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Old 01-27-2021, 06:34 PM   #12
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WOW thanks

Quote:
Originally Posted by Bsipe01 View Post
More information, that's always helpful. Some more related info for you..some of it's just reiteration.

  • You have 2- 6V batteries wired series for 12V. The GPL-6CT is rated 300 AH.
  • 2 of them in series makes a 12V/300AH bank.(In parallel, you'd get 6V/600AH)
  • Your charger should be a minimum of 60A (0.2C=60 where C=total AH of the bank) They can accept a charge rate up to 4C, that would be 300*4 or 1,200A. Not happening!
  • Limiting your DOD to 50% yields a usable capacity of 150AH.
  • Time to Reach Full Charge = [(DOD/100) x Rated Capacity (Ah) ÷ Rated Output of Charger (Amp)] + 2 hours. So if you discharge your 300AH bank to 50%, that's 50/100X300/60+2 or 4.5 hrs to recharge. That gives you some perspective.
  • Temperature/float table is below, it relates to the battery core temp. The wider your battery temps swing, the more important temp regulation becomes. So not an absolute "must have" if your batteries live a sheltered life.
  • Running the charger (generator) for short boosts does a couple things- it increases the number of charge/discharge cycles. Remember, battery life is measured in cycles. It brings the SOC up marginally, and does a poor job of de-sulfating the battery. Sulfating a battery is death for the battery. AGM's won't tolerate it. Prefer longer, less frequent generator runs. Fewer cycles, longer life.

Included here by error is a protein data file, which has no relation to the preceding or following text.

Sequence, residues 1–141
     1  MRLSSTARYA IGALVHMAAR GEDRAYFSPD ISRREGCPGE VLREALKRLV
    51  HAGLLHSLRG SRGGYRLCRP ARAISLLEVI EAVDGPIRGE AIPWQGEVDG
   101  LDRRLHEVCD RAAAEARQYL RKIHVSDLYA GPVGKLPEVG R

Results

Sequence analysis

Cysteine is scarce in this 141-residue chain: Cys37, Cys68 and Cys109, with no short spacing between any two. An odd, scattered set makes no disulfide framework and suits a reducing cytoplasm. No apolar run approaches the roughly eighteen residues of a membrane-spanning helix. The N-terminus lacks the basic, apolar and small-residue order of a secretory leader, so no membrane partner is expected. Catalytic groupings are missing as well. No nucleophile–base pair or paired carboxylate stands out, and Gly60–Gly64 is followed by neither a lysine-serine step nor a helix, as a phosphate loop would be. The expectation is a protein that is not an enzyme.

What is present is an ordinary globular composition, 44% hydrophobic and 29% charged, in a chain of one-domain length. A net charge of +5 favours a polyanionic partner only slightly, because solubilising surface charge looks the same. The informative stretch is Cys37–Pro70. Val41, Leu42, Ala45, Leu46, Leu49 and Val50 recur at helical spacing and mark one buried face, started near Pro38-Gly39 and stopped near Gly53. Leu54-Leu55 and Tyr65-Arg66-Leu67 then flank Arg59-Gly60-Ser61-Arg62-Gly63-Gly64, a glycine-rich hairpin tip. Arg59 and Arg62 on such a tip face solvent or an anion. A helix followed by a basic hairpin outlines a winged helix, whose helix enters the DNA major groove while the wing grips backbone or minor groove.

• Others mentioned the importance of regularly bringing the batteries to FULL CHARGE. See a common thread there? It is absolutely CRITICAL to longevity and keeping the bank at maximum capacity.There's no cut & dried- if you could have every charge be a FULL CHARGE that would be best-(only in a perfect world, so compromise).
  • SOLAR does a fabulous job of finishing charging batteries to FULL CHARGE. Run the generator in the morning, by 10AM or so the sun is high enough for solar to take over and the bank can come to 100% charge. Solar with enough capacity to have 5-10A available to the bank would be a huge help, and keep the batteries in peak health.
  • CHARGER - Optimum? - a "smart" charger that has programmable voltage set points for absorb and float, and is temperature compensated, 60A capacity or close. Recall the calculations above- bigger is faster to a point. The AGM's are good at sucking up big amps to get to float, then it's low amps for a long time. The float is what takes the time, but it's the most important phase. That's why solar is a great solution. It can keep charging that 10A or so for the best part of the day so you can cut your generator time significantly. If you do a bit of research, you'll learn that the Lifelines have a different profile than other AGM's. The closer your charger can get to that voltage, the happier and healthier your Lifelines will be, and the longer they'll live.
Give yourself a pat, you're ahead of the game because you're asking the questions and doing the homework. I, OTOH asked "why did my expensive Lifelines crap out so soon???..... AARRRGH!!!


Thank you - I really appreciate your help- clarifications needed plz

#1 - How do you know when you are at say 50% charge/dod?
—-Is it best to NOT recharge until I DO get down to 50% THEN run genny?

#2 - How do you know core temp?